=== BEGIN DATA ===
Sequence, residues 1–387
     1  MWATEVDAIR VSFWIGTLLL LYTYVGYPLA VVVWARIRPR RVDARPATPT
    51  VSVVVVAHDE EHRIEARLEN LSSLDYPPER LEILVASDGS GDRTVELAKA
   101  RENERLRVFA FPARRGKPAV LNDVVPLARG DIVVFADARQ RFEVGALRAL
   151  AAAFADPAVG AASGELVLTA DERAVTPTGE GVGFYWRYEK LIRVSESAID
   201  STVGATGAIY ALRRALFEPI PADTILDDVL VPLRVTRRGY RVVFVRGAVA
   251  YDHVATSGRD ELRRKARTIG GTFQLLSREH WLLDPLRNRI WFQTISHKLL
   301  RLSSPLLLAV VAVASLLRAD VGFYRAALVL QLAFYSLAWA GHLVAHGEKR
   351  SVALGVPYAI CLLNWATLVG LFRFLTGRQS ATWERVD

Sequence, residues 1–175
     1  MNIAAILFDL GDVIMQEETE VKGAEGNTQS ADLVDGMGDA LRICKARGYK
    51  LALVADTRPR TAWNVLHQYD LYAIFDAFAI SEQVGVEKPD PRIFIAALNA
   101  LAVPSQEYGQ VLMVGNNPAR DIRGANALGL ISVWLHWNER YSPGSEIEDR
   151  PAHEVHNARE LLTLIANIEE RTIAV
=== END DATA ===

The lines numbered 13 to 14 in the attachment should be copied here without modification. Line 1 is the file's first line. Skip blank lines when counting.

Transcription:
   101  LAVPSQEYGQ VLMVGNNPAR DIRGANALGL ISVWLHWNER YSPGSEIEDR
   151  PAHEVHNARE LLTLIANIEE RTIAV